A study has revealed a growing trend where cyber criminals use local languages to carry out computer virus attacks.
The research by Sophos, a network and endpoint organization, indicates that the criminals can now target specific countries when designing such malware.
To lure more victims with their attacks, the cyber attackers use local brands and payment methods - for better cultural compatibility.
Ransomware cleverly disguised as authentic email notifications, complete with counterfeit local logos, is more believable, highly clickable and therefore more financially rewarding to the criminal.
To be as effective as possible, these scam emails now impersonate local postal companies, tax and law enforcement agencies and utility firms, including phony shipping notices, refunds, speeding tickets and electricity bills. SophosLabs has seen a rise in spam where the grammar is more often properly written and perfectly punctuated.
“You have to look harder to spot fake emails from real ones,” said Chester Wisniewski, senior security advisor at Sophos. “Being aware of the tactics used in your region is becoming an important aspect of security,” he added.
Researchers also saw historic trends of different ransomware strains that targeted specific locations.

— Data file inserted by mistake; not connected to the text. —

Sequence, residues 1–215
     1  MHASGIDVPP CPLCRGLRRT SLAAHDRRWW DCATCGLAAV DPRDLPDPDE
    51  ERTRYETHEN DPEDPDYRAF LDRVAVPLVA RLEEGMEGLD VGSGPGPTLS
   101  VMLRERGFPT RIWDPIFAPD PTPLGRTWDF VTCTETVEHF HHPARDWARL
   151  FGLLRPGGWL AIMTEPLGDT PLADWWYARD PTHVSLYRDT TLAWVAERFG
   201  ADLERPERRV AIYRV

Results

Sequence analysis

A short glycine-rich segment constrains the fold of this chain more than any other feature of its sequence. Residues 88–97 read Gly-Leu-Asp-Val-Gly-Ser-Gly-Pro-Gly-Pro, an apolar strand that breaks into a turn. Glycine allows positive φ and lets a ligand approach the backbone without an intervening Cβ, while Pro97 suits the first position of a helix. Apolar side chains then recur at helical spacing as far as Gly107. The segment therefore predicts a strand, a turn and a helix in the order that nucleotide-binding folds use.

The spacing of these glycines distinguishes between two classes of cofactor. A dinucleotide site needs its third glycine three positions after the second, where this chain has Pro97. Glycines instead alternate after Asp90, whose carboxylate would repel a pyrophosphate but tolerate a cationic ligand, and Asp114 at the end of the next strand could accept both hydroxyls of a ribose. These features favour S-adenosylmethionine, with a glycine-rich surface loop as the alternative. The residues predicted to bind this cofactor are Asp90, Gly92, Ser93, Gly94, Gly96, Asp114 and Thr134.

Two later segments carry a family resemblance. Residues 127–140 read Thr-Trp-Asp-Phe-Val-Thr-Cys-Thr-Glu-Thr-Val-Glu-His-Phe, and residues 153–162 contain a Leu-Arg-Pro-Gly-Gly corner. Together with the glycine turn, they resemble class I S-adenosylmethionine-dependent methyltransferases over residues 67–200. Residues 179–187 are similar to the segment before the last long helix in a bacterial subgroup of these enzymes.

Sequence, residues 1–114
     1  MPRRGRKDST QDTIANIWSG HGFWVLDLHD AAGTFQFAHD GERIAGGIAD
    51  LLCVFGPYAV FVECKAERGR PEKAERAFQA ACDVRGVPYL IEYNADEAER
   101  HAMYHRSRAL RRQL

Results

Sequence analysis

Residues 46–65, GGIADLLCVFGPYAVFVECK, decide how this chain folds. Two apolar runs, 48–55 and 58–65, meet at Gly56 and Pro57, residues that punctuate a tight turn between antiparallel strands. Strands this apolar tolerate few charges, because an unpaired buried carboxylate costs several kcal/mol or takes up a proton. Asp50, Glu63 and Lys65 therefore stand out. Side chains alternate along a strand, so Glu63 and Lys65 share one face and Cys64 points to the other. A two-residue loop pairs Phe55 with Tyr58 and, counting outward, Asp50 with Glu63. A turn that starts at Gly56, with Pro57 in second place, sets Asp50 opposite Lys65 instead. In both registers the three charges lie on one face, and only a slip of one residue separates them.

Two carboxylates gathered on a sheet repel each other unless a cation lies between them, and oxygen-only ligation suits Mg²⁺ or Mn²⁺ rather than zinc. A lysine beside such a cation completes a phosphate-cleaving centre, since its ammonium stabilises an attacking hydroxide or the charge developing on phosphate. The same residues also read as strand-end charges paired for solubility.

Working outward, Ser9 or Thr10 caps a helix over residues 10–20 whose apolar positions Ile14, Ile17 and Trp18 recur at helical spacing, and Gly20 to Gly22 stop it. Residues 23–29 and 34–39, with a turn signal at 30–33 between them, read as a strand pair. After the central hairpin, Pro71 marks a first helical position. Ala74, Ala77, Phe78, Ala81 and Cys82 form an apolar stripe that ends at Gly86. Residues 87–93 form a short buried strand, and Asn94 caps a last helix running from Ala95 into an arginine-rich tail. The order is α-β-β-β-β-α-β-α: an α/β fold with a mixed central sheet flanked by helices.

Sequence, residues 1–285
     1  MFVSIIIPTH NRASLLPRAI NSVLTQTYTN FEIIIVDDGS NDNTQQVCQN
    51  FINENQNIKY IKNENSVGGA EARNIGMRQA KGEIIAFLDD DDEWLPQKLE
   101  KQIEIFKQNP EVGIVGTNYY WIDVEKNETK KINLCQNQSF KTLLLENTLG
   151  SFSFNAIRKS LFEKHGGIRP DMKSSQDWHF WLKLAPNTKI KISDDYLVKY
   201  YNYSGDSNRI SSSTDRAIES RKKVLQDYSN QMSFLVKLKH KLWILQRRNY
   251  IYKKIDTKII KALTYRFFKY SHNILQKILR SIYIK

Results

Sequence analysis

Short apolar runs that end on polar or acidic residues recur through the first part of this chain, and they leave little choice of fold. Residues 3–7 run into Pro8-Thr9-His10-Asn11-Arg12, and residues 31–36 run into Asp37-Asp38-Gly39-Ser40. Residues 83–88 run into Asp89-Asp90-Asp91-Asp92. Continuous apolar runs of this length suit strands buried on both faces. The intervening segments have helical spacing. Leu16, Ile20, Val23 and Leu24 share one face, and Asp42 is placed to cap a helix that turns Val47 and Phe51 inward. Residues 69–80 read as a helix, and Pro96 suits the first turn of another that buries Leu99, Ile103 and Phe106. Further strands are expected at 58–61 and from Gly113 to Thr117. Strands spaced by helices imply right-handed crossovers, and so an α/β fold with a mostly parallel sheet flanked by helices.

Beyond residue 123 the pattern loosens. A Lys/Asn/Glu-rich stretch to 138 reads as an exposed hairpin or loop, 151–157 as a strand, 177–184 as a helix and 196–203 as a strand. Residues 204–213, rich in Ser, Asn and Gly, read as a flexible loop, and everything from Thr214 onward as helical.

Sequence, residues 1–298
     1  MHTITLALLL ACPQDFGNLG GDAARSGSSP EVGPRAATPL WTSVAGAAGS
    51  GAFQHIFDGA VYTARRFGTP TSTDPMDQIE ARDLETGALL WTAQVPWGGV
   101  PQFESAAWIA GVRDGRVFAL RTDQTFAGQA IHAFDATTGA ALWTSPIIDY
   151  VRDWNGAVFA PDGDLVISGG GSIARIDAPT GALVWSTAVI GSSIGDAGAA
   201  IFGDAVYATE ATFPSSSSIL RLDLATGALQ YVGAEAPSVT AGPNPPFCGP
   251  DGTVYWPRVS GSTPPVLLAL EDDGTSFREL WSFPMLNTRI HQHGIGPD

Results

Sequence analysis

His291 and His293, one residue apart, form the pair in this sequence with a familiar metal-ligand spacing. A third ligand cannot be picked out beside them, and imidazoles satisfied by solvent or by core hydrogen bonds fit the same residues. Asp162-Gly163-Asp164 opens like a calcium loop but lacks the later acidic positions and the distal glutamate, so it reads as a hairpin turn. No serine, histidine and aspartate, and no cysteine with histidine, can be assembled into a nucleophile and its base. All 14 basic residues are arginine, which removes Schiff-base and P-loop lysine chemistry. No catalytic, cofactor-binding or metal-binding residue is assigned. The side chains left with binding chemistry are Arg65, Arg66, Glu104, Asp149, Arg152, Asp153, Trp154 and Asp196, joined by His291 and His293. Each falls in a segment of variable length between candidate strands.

The analysis also shows Threat Exposure Rates (TER) for countries during the first three months of 2016.
Although western economies are more highly targeted, they typically have a lower TER.
In Africa, Tanzania reported the lowest TER at – 11.1 per cent whereby Kenya had 11.5 per cent occurences.
South Africa had 11.6 per cent; Egypt – 12.4 per cent; Angola – 15.7 per cent Nigeria – 15.7 per cent; Tunisia – 16.4 per cent.
Morocco reported 16.6 per cent while Uganda had 24.9 per cent, Ghana – 25.5 per cent, Mozambique – 28.3 per cent.
Algeria, Zambia and Malawi recorded the highest rates at 30.7, 35.5 and 39.4 per cent respectively.
It shouldn’t be difficult to protect against the activities of this group. Applying the patches for Microsoft Office could disarm any attack aimed at your device.